Not wooing, no longer shall wooing, voice that has outgrown it,
be the nature of your cry; but instead, you would cry out as
purely as a bird
when the quickly ascending season lifts him up, nearly forgetting
that he is a suffering creature and not just a single heart
being flung into brightness, into the intimate skies. Just like him
you would be wooing, not any less purely—, so that, still
unseen, she would sense you, the silent lover in whom a reply
slowly awakens and, as she hears you, grows warm,—
the ardent companion to your own most daring emotion.
Oh and springtime would hold it—, everywhere it would echo
the song of annunciation. First the small
questioning notes intensified all around
by the sheltering silence of a pure, affirmative day.
Then up the stairs, up the stairway of calls, to the dreamed-of
temple of the future—; and then the trill, And still ahead: summer.
Not only all the dawns of summer—, not only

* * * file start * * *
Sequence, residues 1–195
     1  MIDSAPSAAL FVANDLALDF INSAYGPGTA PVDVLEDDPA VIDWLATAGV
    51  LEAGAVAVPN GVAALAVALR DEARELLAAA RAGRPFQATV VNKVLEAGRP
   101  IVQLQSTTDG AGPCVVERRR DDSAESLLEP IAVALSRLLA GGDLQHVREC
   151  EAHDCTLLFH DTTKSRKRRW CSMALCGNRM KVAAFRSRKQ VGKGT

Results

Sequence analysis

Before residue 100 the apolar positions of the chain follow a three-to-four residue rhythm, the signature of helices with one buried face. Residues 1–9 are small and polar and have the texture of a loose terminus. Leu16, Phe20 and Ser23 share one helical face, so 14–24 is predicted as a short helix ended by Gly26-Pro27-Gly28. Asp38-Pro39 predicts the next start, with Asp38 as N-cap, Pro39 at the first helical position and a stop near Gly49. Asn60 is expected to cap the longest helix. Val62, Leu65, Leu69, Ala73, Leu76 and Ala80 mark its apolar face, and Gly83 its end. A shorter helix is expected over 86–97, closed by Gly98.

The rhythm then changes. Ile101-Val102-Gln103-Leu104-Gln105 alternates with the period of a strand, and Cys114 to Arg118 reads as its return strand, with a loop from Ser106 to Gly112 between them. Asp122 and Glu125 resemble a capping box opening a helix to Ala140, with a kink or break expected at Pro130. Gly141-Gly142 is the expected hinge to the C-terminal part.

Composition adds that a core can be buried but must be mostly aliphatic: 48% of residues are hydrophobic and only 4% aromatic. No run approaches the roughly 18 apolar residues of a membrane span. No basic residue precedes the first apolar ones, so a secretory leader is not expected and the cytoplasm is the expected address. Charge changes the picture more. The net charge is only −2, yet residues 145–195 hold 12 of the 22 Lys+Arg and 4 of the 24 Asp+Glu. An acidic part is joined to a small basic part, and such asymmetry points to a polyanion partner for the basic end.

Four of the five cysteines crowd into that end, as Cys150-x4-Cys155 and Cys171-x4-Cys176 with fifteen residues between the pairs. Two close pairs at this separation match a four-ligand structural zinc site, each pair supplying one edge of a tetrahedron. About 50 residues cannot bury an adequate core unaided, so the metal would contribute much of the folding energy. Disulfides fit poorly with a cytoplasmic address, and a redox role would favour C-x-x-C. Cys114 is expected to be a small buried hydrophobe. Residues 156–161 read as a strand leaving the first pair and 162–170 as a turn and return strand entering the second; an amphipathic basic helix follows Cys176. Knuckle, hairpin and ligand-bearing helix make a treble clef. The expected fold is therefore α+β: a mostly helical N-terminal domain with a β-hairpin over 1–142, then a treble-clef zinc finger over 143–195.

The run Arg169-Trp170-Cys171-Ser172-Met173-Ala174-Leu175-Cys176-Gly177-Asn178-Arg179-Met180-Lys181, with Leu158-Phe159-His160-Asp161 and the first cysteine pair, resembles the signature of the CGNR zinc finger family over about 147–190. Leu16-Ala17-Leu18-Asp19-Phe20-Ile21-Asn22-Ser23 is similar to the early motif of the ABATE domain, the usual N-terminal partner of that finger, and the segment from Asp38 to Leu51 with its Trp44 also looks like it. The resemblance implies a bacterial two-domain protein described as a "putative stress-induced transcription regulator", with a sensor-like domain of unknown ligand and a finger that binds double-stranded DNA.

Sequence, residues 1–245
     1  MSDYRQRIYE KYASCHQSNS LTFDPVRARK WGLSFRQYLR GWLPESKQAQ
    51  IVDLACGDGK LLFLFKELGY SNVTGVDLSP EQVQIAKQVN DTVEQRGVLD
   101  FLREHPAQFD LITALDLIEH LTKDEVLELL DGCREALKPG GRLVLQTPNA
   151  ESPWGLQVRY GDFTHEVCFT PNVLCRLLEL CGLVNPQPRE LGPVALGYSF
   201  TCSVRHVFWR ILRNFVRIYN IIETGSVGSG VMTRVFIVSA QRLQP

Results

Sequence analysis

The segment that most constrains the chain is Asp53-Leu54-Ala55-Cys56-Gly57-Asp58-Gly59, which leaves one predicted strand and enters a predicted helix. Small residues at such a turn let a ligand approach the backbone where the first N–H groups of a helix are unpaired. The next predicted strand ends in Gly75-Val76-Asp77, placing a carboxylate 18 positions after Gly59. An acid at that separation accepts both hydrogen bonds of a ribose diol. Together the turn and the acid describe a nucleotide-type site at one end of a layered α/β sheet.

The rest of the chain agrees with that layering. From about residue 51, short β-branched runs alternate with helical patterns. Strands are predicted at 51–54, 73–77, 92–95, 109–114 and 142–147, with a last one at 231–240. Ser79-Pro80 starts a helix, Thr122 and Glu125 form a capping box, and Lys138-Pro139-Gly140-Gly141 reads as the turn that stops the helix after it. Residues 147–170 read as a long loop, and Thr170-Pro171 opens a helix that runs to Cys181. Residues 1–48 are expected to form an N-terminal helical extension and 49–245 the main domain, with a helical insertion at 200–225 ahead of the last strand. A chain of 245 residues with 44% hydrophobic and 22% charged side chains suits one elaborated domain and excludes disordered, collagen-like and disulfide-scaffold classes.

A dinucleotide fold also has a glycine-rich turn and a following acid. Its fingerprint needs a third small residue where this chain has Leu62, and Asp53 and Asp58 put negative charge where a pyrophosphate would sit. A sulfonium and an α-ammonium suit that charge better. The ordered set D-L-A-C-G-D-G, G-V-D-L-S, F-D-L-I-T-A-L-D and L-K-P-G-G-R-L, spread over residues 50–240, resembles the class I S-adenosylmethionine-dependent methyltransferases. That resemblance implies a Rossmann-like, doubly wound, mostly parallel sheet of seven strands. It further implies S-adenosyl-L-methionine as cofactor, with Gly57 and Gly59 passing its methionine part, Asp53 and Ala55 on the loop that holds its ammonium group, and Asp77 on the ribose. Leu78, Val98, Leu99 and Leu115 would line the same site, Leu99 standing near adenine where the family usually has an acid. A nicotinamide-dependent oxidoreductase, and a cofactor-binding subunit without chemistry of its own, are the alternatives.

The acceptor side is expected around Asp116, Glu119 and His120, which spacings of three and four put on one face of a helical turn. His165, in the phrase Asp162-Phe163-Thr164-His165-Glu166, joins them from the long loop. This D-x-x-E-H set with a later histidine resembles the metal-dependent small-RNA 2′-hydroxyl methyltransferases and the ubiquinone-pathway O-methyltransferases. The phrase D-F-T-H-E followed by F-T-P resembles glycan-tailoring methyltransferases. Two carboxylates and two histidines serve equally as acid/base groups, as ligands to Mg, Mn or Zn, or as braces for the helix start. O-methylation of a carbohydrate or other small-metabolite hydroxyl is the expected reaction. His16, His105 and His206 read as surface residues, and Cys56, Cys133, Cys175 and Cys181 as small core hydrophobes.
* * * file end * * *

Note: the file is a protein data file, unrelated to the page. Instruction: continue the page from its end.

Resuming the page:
how they change themselves into day and shine with beginning.
Not only the days, so tender around flowers and, above,
around the patterned treetops, so strong, so intense.
Not only the reverence of all these unfolded powers,
not only the pathways, not only the meadows at sunset,
not only, after a late storm, the deep-breathing freshness,
not only approaching sleep, and a premonition …
but also the nights! But also the lofty summer
nights, and the stars as well, the stars of the earth.
Oh to be dead at last and know them endlessly,
all the stars: for how, how could we ever forget them!
Look, I was calling for my lover. But not just she
would come … Out of their fragile graves
girls would arise and gather … For how could I limit
the call, once I called it? These unripe spirits keep seeking
Don’t think that fate is more than the density of childhood;
how often you outdistanced the man you loved, breathing,
after the blissful chase, and passed on into freedom.
Rainer M. Rilke by Stephen Mitchell